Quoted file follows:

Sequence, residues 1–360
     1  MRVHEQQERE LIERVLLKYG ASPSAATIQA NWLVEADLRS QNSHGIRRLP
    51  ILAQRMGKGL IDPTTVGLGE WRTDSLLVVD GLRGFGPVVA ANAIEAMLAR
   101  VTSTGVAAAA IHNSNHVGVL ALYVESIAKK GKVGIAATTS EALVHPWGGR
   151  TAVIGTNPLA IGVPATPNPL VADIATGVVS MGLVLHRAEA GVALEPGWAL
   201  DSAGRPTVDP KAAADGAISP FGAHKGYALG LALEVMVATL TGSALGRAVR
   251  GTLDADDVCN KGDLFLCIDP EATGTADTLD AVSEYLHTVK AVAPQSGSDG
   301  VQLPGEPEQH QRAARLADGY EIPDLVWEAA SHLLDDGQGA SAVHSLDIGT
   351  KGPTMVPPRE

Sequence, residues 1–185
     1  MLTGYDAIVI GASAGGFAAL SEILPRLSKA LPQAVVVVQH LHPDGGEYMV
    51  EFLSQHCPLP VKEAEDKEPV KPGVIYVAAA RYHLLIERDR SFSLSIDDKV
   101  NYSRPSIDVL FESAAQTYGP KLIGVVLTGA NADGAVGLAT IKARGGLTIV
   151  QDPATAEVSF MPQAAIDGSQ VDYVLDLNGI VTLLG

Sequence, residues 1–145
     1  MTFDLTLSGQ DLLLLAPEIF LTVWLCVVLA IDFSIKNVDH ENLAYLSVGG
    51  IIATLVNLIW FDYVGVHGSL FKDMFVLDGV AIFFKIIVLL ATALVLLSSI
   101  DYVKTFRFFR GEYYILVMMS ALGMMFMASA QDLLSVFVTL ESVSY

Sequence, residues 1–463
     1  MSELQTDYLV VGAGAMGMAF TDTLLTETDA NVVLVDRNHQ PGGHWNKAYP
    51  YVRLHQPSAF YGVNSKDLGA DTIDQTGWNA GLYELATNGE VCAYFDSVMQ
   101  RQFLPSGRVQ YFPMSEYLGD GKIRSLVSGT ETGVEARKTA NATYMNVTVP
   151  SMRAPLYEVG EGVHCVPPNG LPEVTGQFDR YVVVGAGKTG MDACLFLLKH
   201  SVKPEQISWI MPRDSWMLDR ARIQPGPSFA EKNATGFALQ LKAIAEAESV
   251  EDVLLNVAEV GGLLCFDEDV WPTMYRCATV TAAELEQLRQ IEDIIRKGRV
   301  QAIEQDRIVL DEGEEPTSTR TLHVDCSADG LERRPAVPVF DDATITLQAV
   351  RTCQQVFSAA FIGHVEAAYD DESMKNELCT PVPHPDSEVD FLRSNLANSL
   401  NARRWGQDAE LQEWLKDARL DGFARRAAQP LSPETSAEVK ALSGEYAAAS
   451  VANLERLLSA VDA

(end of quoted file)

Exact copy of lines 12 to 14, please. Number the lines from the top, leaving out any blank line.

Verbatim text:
    51  EFLSQHCPLP VKEAEDKEPV KPGVIYVAAA RYHLLIERDR SFSLSIDDKV
   101  NYSRPSIDVL FESAAQTYGP KLIGVVLTGA NADGAVGLAT IKARGGLTIV
   151  QDPATAEVSF MPQAAIDGSQ VDYVLDLNGI VTLLG